Responding to increased use of tablets within workplaces, IBM Corp. will release on Wednesday several mobile applications designed to let employees use IBM enterprise social collaboration software with iPads and other mobile devices.
The new applications, free to customers with active licences of the IBM software being tapped, have been built specifically for tablet interfaces and have security, IT management and compliance features.
“The apps are very lightweight and talk directly back in a secure manner to the enterprise systems that people who don’t have these devices are using inside the company,” said Rob Ingram, senior manager of IBM’s Mobile Collaboration Strategy.
One of the applications lets employees use IBM Connections via iPads, while another one is for LotusLive Meeting users to participate in online meetings using iPhones or Android, BlackBerry or iPad tablets.
For IBM Sametime, another application lets employees engage in one-on-one or group instant messaging sessions on iPad and Android tablets. There is also one application for Lotus Symphony Viewer that lets users view ODF-based files, including documents, spreadsheets and presentations, on iPads, iPhones or Android devices.
There are also applications for managing telephony tasks within IBM Sametime from tablets and for Android device users to add widgets to home screens as shortcuts to their Lotus Notes mail and calendar.
“All of these capabilities together provide a workable set of solutions for people that are coming to us in droves now looking for iPad and other tablet support,” Ingram said.
IBM is also releasing on its developerWorks Web site preview versions of new tools for enterprise developers to create mobile applications for Android devices. The company also has a new WebSphere tool for companies to enhance their sites’ mobile interfaces.
The applications will be available in popular mobile app stores like the Apple App Store and Android Market.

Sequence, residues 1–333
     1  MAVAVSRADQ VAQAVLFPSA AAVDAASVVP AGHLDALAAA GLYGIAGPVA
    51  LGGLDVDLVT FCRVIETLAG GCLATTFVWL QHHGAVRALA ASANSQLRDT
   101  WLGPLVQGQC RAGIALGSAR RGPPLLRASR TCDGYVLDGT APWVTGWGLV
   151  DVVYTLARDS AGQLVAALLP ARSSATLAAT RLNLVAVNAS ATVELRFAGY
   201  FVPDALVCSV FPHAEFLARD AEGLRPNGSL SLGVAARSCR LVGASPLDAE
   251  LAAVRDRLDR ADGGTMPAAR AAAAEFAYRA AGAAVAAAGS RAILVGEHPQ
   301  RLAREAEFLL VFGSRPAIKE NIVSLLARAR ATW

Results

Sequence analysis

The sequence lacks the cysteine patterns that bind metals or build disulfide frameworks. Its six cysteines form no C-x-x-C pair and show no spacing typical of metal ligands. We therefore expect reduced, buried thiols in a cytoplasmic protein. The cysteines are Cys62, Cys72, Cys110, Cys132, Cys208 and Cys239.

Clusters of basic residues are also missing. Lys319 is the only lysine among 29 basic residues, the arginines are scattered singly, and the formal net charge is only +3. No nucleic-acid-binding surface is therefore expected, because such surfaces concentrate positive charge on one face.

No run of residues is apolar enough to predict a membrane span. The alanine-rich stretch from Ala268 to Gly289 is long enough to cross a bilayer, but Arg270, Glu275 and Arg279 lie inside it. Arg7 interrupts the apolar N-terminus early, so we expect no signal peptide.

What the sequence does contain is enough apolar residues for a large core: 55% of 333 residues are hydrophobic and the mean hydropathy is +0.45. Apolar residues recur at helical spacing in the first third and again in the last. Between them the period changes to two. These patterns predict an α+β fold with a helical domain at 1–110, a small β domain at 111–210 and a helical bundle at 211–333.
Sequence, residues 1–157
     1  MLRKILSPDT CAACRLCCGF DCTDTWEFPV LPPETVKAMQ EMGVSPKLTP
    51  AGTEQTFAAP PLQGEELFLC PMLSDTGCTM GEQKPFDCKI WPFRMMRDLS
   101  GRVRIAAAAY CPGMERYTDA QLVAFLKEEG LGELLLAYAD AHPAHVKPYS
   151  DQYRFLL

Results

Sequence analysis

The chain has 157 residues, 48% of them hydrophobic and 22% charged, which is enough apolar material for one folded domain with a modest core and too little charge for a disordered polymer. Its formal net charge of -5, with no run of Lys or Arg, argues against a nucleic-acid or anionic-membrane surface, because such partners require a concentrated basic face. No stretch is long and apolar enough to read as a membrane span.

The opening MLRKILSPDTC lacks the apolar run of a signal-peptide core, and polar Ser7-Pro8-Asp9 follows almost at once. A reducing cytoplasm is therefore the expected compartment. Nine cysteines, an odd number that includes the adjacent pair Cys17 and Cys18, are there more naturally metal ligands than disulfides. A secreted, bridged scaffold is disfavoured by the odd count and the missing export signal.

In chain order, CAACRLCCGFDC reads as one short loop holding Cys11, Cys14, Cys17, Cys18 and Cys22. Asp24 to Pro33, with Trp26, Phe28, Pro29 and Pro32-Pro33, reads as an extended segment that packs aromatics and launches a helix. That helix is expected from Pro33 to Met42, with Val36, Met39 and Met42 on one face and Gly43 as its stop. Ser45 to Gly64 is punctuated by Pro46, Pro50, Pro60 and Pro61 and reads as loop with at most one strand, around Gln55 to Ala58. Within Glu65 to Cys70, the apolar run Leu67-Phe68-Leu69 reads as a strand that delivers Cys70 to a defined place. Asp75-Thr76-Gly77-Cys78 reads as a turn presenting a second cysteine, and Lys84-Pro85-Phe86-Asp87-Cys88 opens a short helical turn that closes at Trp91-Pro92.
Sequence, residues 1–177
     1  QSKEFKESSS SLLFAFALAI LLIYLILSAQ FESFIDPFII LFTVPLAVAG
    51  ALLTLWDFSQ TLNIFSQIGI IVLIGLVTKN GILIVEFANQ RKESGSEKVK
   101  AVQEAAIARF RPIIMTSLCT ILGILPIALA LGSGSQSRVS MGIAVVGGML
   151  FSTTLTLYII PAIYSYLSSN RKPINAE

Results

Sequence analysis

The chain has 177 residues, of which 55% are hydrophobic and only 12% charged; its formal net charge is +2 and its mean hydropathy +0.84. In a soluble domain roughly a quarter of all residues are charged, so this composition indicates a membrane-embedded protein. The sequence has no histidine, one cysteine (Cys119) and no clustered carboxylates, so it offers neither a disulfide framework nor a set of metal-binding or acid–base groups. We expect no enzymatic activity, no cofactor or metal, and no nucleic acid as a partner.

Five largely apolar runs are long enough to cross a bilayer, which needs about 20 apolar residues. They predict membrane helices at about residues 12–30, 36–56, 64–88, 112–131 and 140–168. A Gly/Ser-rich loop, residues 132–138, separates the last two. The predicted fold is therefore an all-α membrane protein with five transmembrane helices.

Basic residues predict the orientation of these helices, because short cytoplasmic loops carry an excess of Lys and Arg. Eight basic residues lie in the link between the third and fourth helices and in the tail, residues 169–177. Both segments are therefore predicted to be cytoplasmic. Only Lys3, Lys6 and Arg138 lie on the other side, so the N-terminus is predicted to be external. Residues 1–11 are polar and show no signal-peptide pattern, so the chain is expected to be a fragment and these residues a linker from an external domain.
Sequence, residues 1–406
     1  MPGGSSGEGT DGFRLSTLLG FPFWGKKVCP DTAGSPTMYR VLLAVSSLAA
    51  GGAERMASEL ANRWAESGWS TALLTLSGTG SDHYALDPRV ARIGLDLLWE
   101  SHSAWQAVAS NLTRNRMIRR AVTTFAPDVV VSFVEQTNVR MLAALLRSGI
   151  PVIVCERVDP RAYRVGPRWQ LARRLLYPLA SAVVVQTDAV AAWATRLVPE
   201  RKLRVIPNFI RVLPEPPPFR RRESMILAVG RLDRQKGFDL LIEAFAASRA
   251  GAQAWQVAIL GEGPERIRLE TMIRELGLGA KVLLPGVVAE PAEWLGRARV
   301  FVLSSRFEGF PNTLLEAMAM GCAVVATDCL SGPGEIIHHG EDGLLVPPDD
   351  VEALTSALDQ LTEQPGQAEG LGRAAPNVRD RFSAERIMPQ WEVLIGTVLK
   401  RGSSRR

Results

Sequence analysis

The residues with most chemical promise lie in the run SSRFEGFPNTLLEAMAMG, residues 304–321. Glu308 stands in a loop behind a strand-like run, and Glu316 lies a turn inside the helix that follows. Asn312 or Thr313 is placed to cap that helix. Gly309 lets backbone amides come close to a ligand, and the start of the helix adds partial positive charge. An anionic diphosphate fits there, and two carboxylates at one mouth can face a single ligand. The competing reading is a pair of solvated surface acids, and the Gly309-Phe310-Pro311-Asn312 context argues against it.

With this batch of mobile applications, IBM is advancing the cause of tablets in the enterprise by letting end users use those devices to access core collaboration and communication services normally accessed from PCs, said analyst Chris Hazelton, mobile research director at 451 Group.
“This batch of native mobile apps connects tablet users to all the core IBM [collaboration and communication] services — e-mail, IM, document viewing and enterprise social networking,” he said.
The new development tools are also important because they will let in-house enterprise programmers create custom mobile applications and optimize their company’s sites for mobile devices, Hazelton said.
The growth in usage of tablet devices in workplaces is significant, and currently the iPad is by far the most popular, according to a 451 Group survey of about 1,600 corporate IT decision makers conducted in November.
When asked who is the manufacturer of the tablets their company plans to buy in 2012’s first quarter, 77 per cent of respondents said Apple, followed at a great distance by Samsung (10 per cent), Amazon.com (7 per cent), and Research In Motion and Dell with 5 per cent each, according to Hazelton.